The Juno spacecraft, sent to observe Jupiter and it’s moons,
Took a photograph of a strange phenomena on the surface of the gas giant in 2016, 19,900 miles from the surface. Only recently has scientist Kevin M. Gill developed the final image.
The image depicts a ghostly green glow inside a swirling mist of cloud, caused by a lightning strike. Scientists are still unclear on how lighting events happen on Jupiter in the first place, giving an extra layer of intrigue to the image.
On Earth, lighting is caused from water clouds, with most strikes near the equator. On Jupiter though, the largest planet in our solar system, lighting originates from clouds of ammonia and water and strike on the poles.
Juno’s Jupiter mission is not complete as of yet. It’s orbit around Jupiter keeps tightening, and soon it will pass by the night side of the planet which will give even more opportunities to take pictures and research. It has already performed 50 plus flybys of the planet and it’s moons like Europa and Ganymede and Io.
Mathew Johnson, project manager for the Juno mission at the NASA Jet Propulsion Laboratory in Pasadena, California said:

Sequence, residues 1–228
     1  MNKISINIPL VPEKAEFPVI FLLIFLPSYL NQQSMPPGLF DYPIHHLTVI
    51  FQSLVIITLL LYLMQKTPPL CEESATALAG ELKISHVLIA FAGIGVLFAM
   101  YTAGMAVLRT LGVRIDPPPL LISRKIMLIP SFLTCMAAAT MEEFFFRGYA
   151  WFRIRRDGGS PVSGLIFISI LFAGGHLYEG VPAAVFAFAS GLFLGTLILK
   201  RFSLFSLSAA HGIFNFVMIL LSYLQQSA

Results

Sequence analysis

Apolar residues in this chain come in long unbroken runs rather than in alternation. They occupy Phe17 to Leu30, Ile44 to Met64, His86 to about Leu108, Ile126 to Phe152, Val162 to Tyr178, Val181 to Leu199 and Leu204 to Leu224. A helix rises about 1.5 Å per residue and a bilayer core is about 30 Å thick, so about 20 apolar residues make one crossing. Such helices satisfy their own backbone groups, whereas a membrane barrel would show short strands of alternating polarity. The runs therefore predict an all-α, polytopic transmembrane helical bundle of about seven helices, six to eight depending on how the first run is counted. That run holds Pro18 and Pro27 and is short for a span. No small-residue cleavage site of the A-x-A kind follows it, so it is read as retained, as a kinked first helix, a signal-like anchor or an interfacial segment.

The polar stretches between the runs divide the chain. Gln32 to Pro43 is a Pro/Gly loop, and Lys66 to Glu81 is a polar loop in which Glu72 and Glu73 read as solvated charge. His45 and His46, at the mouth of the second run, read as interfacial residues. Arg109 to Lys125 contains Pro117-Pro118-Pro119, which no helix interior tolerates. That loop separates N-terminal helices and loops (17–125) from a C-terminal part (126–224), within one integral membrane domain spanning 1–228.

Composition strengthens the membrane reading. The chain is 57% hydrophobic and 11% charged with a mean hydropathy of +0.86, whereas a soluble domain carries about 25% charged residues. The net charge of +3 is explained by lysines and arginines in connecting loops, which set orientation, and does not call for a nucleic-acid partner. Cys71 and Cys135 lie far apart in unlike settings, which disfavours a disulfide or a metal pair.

“As well as continuously changing our orbit to allow new perspectives of Jupiter and flying low over the night side of the planet, the spacecraft will also be threading the needle between some of Jupiter’s rings to learn more about their origin and composition.”
Scott Bolton, Juno principal investigator from the Southwest Research Institute in San Antonio, said:
“Our upcoming flybys in July and October will bring us even closer, leading up to our twin flyby encounters with Io in December of this year and February of next year, when we fly within 1,500 km of its surface. All of these flybys are providing spectacular views of the volcanic activity of this amazing moon. The data should be amazing.”